Given a note stained with dye, would you know what to do? With the rising occurrence of Automatic Teller Machine (ATM) bombings and robberies, would you understand that a stained note is an indicator that the note was probably stolen in a robbery or ATM theft and that lives may have been lost during that robbery?
As communities around the country concern themselves about the rising incidents of ATM bombings, warnings on the use of dye stained notes have become the common conversation. Common as it may be, some people ignore the consequences of accepting dye stained notes.
In the Central Bank’s recent Annual Monetary Policy Statement address, Governor Majozi Sithole explained that the country has experienced an upward trend in the prevalence of shameless and repeated bombings of ATMs by use of explosives and other forms of less sophisticated criminal attacks. This is by far not unique to the country and has been reported to have happened in other parts of the world, and common especially in South Africa.
Dye stained notes – by definition
A dye stained note refers to a note that is coloured with ink used in cash protection devices or cash boxes normally used by Cash in Transit (CIT) companies or other technologies and used as anti-theft devices in Automatic Teller Machines for commercial banks (Central Bank Policy, 2017). These cash protection devices spray notes with a permanent dye if an ATM or CIT van is attacked, marking them as stolen — and thereby making them useless to the robbers.
Dye stained banknotes can be stained by green or blue ink. The dye could cover the entire note, be around the edges or on any part of the note. The amount of stain is not a determinant factor because even slightly stained notes are illegal.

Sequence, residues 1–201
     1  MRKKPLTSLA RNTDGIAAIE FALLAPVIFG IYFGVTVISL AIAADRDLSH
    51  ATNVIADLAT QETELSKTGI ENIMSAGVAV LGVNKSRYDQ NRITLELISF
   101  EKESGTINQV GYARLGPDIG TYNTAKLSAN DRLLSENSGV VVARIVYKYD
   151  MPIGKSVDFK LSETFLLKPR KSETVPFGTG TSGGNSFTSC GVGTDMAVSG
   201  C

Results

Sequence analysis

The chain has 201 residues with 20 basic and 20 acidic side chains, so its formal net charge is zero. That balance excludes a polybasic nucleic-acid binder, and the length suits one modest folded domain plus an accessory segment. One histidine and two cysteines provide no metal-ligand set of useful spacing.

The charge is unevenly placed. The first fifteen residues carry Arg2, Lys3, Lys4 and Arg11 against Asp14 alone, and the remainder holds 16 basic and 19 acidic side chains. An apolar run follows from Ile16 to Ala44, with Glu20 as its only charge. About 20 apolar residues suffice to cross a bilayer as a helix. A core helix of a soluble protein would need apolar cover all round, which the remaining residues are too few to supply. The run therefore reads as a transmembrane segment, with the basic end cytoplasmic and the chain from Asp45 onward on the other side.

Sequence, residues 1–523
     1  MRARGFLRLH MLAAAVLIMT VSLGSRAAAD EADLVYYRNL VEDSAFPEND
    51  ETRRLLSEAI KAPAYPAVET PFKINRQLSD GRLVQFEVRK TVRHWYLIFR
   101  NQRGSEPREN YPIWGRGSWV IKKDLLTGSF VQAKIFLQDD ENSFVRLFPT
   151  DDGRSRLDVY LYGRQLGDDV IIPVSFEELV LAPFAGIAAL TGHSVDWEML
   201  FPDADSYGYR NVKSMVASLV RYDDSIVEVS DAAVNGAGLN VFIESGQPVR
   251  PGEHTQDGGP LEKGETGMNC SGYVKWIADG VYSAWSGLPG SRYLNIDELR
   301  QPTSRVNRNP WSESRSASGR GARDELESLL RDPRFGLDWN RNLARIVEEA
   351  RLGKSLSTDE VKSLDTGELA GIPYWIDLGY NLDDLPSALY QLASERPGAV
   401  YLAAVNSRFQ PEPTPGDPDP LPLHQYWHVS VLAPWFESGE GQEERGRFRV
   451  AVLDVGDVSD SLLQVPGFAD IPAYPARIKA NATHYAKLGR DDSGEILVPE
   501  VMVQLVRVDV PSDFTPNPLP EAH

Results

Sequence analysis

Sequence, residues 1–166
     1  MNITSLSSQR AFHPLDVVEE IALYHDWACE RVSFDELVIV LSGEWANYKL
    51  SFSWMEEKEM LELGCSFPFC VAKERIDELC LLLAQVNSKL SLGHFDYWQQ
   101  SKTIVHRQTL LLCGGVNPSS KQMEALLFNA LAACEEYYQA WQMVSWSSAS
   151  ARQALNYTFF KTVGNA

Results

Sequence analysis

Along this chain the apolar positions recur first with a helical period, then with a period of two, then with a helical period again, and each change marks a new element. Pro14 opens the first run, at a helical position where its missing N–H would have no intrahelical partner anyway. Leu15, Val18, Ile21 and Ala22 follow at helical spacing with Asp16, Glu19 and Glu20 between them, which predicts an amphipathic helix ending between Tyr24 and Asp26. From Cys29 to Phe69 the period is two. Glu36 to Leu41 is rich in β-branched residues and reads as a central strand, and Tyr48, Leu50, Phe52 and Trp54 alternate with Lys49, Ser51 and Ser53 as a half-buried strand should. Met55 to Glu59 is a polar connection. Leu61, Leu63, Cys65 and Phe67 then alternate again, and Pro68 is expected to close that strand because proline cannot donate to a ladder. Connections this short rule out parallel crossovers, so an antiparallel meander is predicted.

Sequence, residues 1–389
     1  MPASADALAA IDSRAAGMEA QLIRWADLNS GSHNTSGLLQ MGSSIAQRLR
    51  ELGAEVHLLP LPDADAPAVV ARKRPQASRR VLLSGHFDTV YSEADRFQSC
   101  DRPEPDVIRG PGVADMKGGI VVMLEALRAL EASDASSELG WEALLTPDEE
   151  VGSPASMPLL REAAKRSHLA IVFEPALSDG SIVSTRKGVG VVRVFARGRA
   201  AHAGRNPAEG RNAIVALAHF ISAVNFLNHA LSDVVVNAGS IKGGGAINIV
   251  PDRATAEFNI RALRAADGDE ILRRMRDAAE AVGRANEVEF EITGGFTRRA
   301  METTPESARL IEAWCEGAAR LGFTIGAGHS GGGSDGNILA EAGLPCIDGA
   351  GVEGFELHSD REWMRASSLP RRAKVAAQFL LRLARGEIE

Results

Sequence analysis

As part of the Central Bank’s mandate (CBS Order 1974), to protect the value of currency, the Bank is responsible for ensuring that banknotes and coins in circulation are of good quality. The Bank also guarantees that confidence in the currency of the country is assured through defining the broad policy of the handling of notes and coins. This further assists the country reduce the incidents of CIT heists and in the process, protects the lives of those tasked with transporting and securing banknotes and coins.
What to do
The involvement of the public, financial institutions and the retail industry is crucial in the removal of dye-stained notes from circulation. If you accept a dye-stained note from cashiers or anyone else, you may be accepting money that is probably stolen.
Similarly, dye-stained notes discovered in tills or received from the public during the course of normal business in the retail industry must not be accepted. In both instances, individuals and cashiers must refuse it or submit it (if found in tills) to a financial institution or the Central Bank for assessment and possible refund.
Financial institutions (tellers) have the responsibility to remove and retain dye stained notes to prevent such notes from going into circulation. Under no circumstances should dye-stained notes be exchanged or returned to customers. Instead, a receipt must be issued to the customer for the retained stained note and the note must be punched in as an indication of it being dye stained.
In all instances full personal details of the customer must be obtained including a copy of identification and a brief explanation and or statement must be recorded.
Dye Stained Notes Identification – What to look for:
By refusing to accept dye-stained notes or handing them in, you will play your part in fighting crime. Accordingly any information you have regarding stolen notes must be immediately reported to the local police station.
Dye-stained notes must not in any way be paid out or circulated!